The layering in reservoir simulation grids is often based on the geology, e. g., structure tops. In this paper we investigate the alternative of using horizontal layers, where the link to the geology model is by the representation of the petrophysics alone. The obvious drawback is the failure to honor the structure in the grid geometry. On the other hand, a horizontal grid will honor the initial fluid contacts perfectly, and horizontal wells can also be accurately represented. Both these issues are vital in thin oil-zone problems, where horizontal grids may hence be a viable alternative. To investigate this question, a number of equivalent simulation models were built for a segment of the Troll Field, both geology-based and horizontal, and various combinations of these. In the paper, it is demonstrated that the horizontal grid was able to capture the essentials of fluid flow with the same degree of accuracy as the geology-based grid, and near-well flow was considerably more accurate. For grids of comparable resolution, more reliable results were obtained by a horizontal grid than a geo-grid. A geo-grid with local grid refinement and a horizontal grid produced almost identical results, but the ratio of computing times was almost 20 in favor of the horizontal grid. In the one-phase regions of the reservoir, relatively coarse cells can be used without significant loss of accuracy. © 2011 The Author(s).


Zhang Y.,Chevron | Oliver D.S.,Center for Integrated Petroleum Research
SPE Journal | Year: 2011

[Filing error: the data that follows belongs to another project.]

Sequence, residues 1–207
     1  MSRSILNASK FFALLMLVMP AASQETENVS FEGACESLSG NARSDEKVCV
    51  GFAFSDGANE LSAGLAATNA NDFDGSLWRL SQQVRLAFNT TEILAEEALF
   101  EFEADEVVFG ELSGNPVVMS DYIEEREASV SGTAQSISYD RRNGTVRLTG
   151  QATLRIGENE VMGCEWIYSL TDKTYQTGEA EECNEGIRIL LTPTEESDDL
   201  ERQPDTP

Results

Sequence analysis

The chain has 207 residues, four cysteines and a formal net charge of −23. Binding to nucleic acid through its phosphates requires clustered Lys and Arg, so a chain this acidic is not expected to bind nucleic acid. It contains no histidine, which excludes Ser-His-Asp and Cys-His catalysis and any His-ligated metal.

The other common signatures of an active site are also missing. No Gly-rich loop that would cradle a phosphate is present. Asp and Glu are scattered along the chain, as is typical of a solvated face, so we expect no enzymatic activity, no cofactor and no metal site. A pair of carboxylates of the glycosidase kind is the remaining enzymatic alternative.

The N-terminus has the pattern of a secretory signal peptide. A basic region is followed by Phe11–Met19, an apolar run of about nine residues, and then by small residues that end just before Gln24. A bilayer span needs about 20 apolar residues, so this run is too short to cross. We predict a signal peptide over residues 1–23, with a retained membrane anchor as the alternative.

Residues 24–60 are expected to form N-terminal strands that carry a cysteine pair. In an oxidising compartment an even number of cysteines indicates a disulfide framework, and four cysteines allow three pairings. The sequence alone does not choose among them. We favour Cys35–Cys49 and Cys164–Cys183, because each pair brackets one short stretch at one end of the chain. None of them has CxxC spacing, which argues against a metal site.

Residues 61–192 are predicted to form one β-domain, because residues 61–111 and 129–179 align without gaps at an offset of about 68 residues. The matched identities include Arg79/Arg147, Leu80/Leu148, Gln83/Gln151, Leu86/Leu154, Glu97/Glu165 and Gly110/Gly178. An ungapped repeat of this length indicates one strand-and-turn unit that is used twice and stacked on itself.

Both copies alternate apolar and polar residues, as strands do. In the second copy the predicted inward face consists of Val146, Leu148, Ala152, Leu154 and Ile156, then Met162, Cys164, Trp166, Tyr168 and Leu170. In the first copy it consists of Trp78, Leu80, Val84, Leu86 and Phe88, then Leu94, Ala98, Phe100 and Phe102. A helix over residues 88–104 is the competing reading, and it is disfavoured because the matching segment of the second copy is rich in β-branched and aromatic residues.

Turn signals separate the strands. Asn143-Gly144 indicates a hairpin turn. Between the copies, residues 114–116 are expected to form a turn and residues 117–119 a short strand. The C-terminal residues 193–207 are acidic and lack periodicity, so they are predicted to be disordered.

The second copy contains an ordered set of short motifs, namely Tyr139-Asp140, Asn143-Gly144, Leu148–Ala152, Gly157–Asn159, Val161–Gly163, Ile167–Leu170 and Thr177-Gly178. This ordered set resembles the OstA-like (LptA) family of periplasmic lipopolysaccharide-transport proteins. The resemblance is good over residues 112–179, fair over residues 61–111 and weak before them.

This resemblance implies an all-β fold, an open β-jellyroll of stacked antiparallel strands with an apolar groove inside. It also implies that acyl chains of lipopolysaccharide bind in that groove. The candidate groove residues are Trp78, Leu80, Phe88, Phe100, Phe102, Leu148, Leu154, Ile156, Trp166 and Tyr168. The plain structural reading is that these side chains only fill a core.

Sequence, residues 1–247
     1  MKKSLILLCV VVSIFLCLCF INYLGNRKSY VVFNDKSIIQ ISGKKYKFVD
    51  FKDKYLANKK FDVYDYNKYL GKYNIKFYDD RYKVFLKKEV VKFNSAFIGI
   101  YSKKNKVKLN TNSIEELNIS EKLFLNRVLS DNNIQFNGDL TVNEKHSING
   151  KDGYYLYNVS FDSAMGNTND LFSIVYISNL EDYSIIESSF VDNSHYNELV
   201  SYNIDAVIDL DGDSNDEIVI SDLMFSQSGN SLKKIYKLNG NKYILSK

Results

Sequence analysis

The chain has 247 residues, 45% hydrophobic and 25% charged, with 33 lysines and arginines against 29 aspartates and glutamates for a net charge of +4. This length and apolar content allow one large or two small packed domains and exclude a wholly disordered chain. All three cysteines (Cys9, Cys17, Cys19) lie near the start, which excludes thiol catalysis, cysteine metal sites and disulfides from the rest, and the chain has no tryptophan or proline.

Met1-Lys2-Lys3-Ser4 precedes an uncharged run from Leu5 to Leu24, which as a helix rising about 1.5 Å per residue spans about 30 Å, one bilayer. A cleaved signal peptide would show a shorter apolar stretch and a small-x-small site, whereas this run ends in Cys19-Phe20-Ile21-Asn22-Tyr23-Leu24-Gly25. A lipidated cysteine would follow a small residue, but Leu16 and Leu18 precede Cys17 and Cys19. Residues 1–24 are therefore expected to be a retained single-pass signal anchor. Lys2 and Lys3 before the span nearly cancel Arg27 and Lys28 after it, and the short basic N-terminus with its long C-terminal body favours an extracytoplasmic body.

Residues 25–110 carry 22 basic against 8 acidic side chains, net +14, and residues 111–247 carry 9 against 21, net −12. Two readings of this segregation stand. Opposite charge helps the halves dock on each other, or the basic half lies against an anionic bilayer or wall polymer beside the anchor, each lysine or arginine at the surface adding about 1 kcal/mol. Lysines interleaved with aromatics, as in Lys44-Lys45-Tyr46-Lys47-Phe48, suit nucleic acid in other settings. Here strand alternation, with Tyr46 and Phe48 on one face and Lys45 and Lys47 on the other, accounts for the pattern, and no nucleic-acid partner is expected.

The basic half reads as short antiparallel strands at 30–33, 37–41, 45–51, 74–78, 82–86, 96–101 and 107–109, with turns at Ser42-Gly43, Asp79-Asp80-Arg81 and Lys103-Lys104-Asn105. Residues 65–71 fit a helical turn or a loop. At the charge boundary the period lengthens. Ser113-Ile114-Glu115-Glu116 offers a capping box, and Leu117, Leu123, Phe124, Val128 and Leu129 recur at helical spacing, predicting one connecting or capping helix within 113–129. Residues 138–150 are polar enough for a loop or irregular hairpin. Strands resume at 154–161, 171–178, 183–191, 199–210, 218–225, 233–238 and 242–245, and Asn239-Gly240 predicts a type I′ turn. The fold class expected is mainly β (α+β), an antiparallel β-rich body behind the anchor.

The increased use of optimization in reservoir management has placed greater demands on the application of history matching to produce models that not only reproduce the historical production behavior but also preserve geological realism and quantify forecast uncertainty. Geological complexity and limited access to the subsurface typically result in a large uncertainty in reservoir properties and forecasts. However, there is a systematic tendency to underestimate such uncertainty, especially when rock properties are modeled using Gaussian random fields. In this paper, we address one important source of uncertainty: the uncertainty in regional trends by introducing stochastic trend coefficients. The multiscale parameters including trend coefficients and heterogeneities can be estimated using the ensemble Kalman filter (EnKF) for history matching. Multiscale heterogeneities are often important, especially in deepwater reservoirs, but are generally poorly represented in history matching. In this paper, we describe a method for representing and updating multiple scales of heterogeneity in the EnKF. We tested our method for updating these variables using production data from a deepwater field whose reservoir model has more than 200,000 unknown parameters. The match of reservoir simulator forecasts to real field data using a standard application of EnKF had not been entirely satisfactory because it was difficult to match the water cut of a main producer in the reservoir. None of the realizations of the reservoir exhibited water breakthrough using the standard parameterization method. By adding uncertainty in largescale trends of reservoir properties, the ability to match the water cut and other production data was improved substantially. The results indicate that an improvement in the generation of the initial ensemble and in the variables describing the property fields gives an improved history match with plausible geology. The multiscale parameterization of property fields reduces the tendency to underestimate uncertainty while still providing reservoir models that match data. Copyright © 2011 Society of Petroleum Engineers.